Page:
The third stage is the clinical research stage.  This stage studies the way the drug will interact with the human body. The clinical trials will be split into three phases. The phase 1 trail tests the drug on a small group of healthy volunteers. Small doses of the drug will be administered to the group of 20-100 healthy volunteers who are closely supervised. The length of the study ranges to several months and the purpose is to investigate safety and dosage. From this stage approximately 70% of the drugs move forward. (

Phase 2 tests 100-500 patients with the disease and lasts from several months to two years. Purposefully a small amount of volunteers are chosen to avoid exposing a volunteer to a potentially harmful substance. The purpose of stage 2 is to investigate the efficacy of the drug and potential side effects.Most drugs that fail the clinical testing fail at the phase 2 trail, often because it’s found to be ineffective or have detrimental side effects. As a result approximately 33% of drugs move to phase 3 (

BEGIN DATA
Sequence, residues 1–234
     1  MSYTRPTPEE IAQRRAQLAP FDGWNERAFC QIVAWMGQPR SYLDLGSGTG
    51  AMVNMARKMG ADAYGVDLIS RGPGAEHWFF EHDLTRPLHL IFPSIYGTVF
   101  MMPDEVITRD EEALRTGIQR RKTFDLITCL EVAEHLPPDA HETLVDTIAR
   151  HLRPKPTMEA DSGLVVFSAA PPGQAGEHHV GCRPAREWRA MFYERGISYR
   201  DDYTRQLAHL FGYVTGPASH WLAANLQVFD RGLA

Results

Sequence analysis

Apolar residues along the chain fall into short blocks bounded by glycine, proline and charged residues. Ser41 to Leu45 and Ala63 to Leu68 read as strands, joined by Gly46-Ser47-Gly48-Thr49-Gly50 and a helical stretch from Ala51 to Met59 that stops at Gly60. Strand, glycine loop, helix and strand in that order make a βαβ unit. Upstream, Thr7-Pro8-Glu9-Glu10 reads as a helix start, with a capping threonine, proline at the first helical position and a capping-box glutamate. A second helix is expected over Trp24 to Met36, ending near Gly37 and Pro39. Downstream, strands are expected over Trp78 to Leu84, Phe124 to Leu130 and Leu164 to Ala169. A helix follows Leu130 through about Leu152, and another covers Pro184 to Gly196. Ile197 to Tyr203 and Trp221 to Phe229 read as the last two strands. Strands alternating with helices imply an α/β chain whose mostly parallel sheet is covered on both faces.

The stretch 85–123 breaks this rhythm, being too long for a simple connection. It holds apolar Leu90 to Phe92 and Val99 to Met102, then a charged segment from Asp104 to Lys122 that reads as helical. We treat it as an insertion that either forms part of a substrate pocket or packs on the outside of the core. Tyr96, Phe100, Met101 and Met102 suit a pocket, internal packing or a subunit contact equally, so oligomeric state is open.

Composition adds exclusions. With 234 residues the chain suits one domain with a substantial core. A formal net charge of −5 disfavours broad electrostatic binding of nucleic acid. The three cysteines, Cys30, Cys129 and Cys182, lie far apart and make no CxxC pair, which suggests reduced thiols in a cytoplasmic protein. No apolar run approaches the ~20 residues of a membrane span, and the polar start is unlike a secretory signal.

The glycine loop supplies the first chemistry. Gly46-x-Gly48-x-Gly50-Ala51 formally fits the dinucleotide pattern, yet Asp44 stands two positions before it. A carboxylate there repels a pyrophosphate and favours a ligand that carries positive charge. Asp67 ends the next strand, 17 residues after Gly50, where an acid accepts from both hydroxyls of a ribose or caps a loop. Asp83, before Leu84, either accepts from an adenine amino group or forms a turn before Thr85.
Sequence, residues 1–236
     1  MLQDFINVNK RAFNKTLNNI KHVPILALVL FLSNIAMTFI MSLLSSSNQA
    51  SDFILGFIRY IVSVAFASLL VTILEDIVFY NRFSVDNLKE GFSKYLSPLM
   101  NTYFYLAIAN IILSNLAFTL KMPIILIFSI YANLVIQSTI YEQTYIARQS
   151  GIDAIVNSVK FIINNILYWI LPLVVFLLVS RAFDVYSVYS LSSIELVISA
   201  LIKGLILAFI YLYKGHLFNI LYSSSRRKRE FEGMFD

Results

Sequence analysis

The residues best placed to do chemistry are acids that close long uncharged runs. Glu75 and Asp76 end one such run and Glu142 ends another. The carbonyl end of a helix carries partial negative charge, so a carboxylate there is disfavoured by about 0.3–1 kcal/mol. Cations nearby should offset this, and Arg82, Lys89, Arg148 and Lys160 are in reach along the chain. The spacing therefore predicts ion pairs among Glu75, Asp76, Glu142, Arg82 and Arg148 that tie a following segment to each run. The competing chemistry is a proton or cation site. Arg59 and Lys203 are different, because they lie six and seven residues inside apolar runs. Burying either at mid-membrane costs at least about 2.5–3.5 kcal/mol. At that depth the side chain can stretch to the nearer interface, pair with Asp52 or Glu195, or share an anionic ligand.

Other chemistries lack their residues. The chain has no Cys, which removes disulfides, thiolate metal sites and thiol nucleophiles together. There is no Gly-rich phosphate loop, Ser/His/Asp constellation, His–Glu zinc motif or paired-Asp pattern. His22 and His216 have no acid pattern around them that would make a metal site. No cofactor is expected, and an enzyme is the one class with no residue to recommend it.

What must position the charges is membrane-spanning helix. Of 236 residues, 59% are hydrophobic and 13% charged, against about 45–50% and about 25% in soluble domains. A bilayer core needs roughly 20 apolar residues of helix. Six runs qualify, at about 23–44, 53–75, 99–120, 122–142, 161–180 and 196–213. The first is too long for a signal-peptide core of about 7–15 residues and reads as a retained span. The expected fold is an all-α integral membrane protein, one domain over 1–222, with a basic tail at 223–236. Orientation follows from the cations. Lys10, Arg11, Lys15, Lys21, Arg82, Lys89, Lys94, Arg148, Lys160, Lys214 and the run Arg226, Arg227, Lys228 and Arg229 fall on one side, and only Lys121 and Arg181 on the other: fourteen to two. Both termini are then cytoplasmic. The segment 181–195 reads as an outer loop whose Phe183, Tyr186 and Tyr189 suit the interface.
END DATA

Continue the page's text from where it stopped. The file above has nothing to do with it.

The final phase trial tests a much larger population of patients, often 1000 to 5000 across international sites. (Pharmaceutical 2018 ).The purpose of the phase 3 trials is to confirm the phase 2 findings on a much larger population and to identify the best dosage option. After all three phase trials have been completed, the clinical testing should provide data on safety and efficacy to demonstrate an overall benefit for the medicine to be able to be submitted for a licensing application.

After the drug has passed the clinical trials, the company has to submit it for marketing authorisation to the national regulatory authority. Within the UK, submissions are sent to the MHRA and USA to the Food and Drug Administration (FDA). However in Europe, submissions are often made to the EMA (European Medicines Agency), to obtain marketing authorisation for the whole of Europe rather than having to make individual applications to each country. The submissions to the marketing authority are a summary of the pre clinical trials and the clinical trials that were operated. With the summary detailing chemical makeup, results from the pre clinical and clinical, toxicity, manufacturing process and proposed labeling. (Pharmaceutical 2018)